Issue #32 28 Jul 2016
Written by: Jesse Squires
Yesterday was the big day — the last day for Swift 3 breaking changes! Which means Swift 3 evolution is done!
According to Ted Kremenek’s email (below), any proposals that are in active development and near completion have an extended deadline of Friday, July 29. So, tomorrow! 😄 As of this writing the current status page lists 23 proposals that are “awaiting implementation”, however I know many of these are in-flight. It should be more clear exactly which proposals are not going to be included in the final Swift 3.0 release by the end of the day tomorrow, or early next week.
Unfortunately, it looks like a decent amount of proposals that contain source-breaking changes likely will not make the deadline for Swift 3. This means that Swift still has not reached (complete) source-stability, but it will be a great release nonetheless. At the moment, it’s not clear what the plan is for these proposals. Perhaps one or more Swift 3.x releases will address them?
In any case, Swift 3 is a dramatic step forward for the language. The Swift Core Team and open source contributors deserve a huge congratulations for all of their hard work! 🎉👏
- SR-2083: [SwiftPM] Don’t error if a directory contains only ignored files
- SR-2022: [Compiler] Add better fixit for type checking in switch statements
Commits and pull requests
Ayaka Nonaka merged changes to import Objective-C’s
@compatibility_alias compiler directive as a Swift
Feedback was universally positive, and the proposal is straight forward.
There was very little public discussion about this proposal, but the core team believes this eliminates a real ambiguity, while leaving doors open for future improved designs.
Thank you to Roman Levenstein for driving this discussion forward.
This proposal had significant community feedback to help refine and improve its design, and Arnold has incorporated that into his v2 of the proposal. The core team agrees the new revision is a good design.
Thank you to Arnold Schwaighofer for driving this discussion forward!
The proposal has been accepted with a modification.
This proposal got a significant amount of helpful feedback, which Charlie has already incorporated into the proposal. The core team requests one additional minor change, which is to drop the addition of the
Thank you to Charlie Monroe for driving this discussion forward!
The feedback on this proposal was quite positive. A few questions were raised, but were answered on-thread. Thank you to Dmitri Gribenko for writing this proposal and driving this discussion forward.
This proposal had significant positive community feedback for aligning common operation names, but raised questions about whether ‘flatten’ was term of art, and what it would mean for related operations like ‘flatMap’. The core team discussed both sides of this debate, and decided it is best to rename ‘flatten’ to ‘joined’, but keep ‘flatMap’ as it is, to preserve its term of art. The core team prefers that it remain a distinct overload of joined(separator:) to preserve performance. It also requests that the returned collection types (FlattenCollection and friends) be left as-is for now, since they are not names commonly directly referenced, and we’d like to keep the change minimal.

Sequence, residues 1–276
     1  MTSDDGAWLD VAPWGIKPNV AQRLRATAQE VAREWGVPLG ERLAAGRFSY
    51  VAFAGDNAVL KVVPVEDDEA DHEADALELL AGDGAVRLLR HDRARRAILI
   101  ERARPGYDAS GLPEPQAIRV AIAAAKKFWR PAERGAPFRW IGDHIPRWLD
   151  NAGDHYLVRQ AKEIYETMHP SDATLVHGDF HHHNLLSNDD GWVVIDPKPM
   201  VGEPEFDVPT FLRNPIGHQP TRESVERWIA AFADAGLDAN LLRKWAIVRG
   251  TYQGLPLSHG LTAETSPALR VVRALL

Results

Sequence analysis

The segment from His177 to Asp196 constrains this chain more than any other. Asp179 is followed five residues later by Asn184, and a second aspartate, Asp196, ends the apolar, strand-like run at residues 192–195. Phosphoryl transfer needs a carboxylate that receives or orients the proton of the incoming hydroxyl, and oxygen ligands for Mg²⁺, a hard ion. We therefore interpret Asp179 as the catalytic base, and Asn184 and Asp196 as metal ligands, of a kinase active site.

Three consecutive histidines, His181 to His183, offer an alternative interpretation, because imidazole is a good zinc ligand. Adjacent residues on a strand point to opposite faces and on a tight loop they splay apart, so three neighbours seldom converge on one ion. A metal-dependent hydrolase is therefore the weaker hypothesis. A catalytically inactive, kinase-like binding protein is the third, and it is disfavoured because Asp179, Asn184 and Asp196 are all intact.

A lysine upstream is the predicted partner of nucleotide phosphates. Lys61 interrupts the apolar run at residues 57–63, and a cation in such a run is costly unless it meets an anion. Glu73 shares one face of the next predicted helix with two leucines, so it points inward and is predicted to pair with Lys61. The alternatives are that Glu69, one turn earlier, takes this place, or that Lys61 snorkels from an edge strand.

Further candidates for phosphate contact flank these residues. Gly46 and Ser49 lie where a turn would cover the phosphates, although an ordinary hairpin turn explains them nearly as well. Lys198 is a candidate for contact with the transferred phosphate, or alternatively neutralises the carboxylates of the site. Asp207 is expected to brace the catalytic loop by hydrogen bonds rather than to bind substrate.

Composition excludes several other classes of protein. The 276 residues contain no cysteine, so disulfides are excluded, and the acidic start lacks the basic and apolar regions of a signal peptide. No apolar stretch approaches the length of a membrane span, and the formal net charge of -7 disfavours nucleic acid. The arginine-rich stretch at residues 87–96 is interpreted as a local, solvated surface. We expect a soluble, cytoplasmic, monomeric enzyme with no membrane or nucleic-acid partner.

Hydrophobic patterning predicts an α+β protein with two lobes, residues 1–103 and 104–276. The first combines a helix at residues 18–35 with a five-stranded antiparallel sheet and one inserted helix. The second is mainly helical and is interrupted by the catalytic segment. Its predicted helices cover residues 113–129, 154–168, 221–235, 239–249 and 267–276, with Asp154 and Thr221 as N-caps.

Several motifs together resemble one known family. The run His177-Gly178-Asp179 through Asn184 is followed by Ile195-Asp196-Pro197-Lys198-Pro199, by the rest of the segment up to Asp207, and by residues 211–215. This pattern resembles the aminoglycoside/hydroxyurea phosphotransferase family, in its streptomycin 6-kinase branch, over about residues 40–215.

Thank you to Jacob Bandes-Storch for driving this discussion forward! Time is short, we’d appreciate it if someone could implement this ASAP.
This proposal has two parts. The core team approves the first part: “Rename
utf8CString”. This property is intended for use when interoperating with APIs that take C-style
For the second part, the proposal suggests “Rename
nullTerminatedUTF8.” The core team discussed this, looked at various uses of the API (among code bases publicly available on github) and came to the conclusion that it is best to just remove this property outright. The clients we found would be better served using the
Thank you to Xiaodi Wu and Erica Sadun for driving this discussion forward! Time is short, we’d appreciate it if someone could implement this ASAP.
This proposal was far better received by the community than previous versions of the proposal, and the “first design” was the favored path within it. However, there were some concerns raised about the complexity of the model, stemming from non-obvious combinations like “open private”. As such, the core team has requested that the proposal be revised to make “open” function as another access control specifier. “open” is now simply “more public than public”, providing a very simple and clean model.
John has already revised the proposal to the new model, I encourage you to read it if you haven’t already.